Doctor's Notes on Diabetes (Mellitus, Type 1 and Type 2)
Diabetes (type 1 and type 2) is a disease where the body’s ability to produce or respond to the hormone insulin is impaired. Type 1 diabetes is when the body either stops insulin production or produces too little insulin to regulate blood glucose levels. It is usually diagnosed in children or adolescents. Symptoms may develop quickly. Other signs of type 1 disease may include urinary tract infections, dehydration and nausea/vomiting; untreated type 1 can cause coma or death. Type 2 diabetes is when the body is partially or completely unable to respond to insulin. It is usually diagnosed in adults (45 years and older); symptoms often develop very gradually. Signs and symptoms common to both types include excessive thirst, excessive hunger, excessive urination, fatigue and weight loss. Type 2 diabetes, untreated, can lead to nerve damage, blindness, kidney failure, hyperglycemic hyperosmolar nonketotic syndrome (extremely high levels of blood glucose, causing coma or death) and heart disease.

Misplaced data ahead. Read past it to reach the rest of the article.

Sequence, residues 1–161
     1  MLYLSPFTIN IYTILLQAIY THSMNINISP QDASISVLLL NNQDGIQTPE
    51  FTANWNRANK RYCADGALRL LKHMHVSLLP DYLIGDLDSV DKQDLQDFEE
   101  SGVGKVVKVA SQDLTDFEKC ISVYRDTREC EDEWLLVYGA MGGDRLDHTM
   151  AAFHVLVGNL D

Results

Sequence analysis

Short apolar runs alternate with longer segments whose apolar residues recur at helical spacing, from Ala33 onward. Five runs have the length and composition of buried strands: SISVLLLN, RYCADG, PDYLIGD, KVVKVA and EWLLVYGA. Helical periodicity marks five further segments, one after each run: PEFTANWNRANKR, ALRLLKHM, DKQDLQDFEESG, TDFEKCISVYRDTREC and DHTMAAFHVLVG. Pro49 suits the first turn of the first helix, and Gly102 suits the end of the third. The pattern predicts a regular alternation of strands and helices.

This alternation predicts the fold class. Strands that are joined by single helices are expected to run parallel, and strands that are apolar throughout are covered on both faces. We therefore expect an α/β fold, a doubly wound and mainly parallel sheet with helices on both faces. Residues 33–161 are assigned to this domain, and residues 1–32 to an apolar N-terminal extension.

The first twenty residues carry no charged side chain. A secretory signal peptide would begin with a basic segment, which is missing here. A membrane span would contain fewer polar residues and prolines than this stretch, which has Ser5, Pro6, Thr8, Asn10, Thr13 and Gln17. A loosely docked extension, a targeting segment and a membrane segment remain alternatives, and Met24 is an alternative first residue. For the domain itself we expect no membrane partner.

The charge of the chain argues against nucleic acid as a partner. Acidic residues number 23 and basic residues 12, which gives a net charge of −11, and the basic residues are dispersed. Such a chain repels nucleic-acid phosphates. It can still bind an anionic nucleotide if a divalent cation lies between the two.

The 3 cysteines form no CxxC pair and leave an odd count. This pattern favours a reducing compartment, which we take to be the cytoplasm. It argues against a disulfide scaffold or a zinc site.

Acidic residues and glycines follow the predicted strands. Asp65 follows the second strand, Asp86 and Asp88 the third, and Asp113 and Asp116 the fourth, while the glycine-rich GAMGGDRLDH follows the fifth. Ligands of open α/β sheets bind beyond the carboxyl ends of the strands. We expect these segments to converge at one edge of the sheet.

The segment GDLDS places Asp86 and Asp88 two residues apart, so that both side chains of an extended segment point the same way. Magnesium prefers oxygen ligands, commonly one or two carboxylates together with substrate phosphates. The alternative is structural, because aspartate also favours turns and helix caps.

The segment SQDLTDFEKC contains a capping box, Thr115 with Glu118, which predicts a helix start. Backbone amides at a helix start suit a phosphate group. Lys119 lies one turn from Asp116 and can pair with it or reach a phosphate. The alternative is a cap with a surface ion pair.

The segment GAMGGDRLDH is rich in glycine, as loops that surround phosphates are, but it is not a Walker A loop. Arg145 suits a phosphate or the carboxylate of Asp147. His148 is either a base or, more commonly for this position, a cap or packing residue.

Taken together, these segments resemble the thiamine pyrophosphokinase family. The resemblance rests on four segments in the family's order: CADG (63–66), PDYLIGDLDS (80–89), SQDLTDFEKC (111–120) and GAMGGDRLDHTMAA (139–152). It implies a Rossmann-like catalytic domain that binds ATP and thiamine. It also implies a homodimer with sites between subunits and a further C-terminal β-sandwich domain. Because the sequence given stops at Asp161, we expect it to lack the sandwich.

Type 1 diabetes is an autoimmune disease where the body’s immune system attacks the pancreatic cells that make insulin. Type 2 diabetes causes are less clear; however, such factors as genetics, obesity, high fat levels in the blood and the diet, high blood pressure, sedentary lifestyle, ethnicity, birthing a baby weighing more than 9 lbs. and aging may play a role in type 2 development.
Diabetes (Mellitus, Type 1 and Type 2) Symptoms
Symptoms of type 1 diabetes are often dramatic and come on very suddenly.
- Type 1 diabetes is usually recognized in childhood or early adolescence, often in association with an injury or illness (such as a virus or urinary tract infection).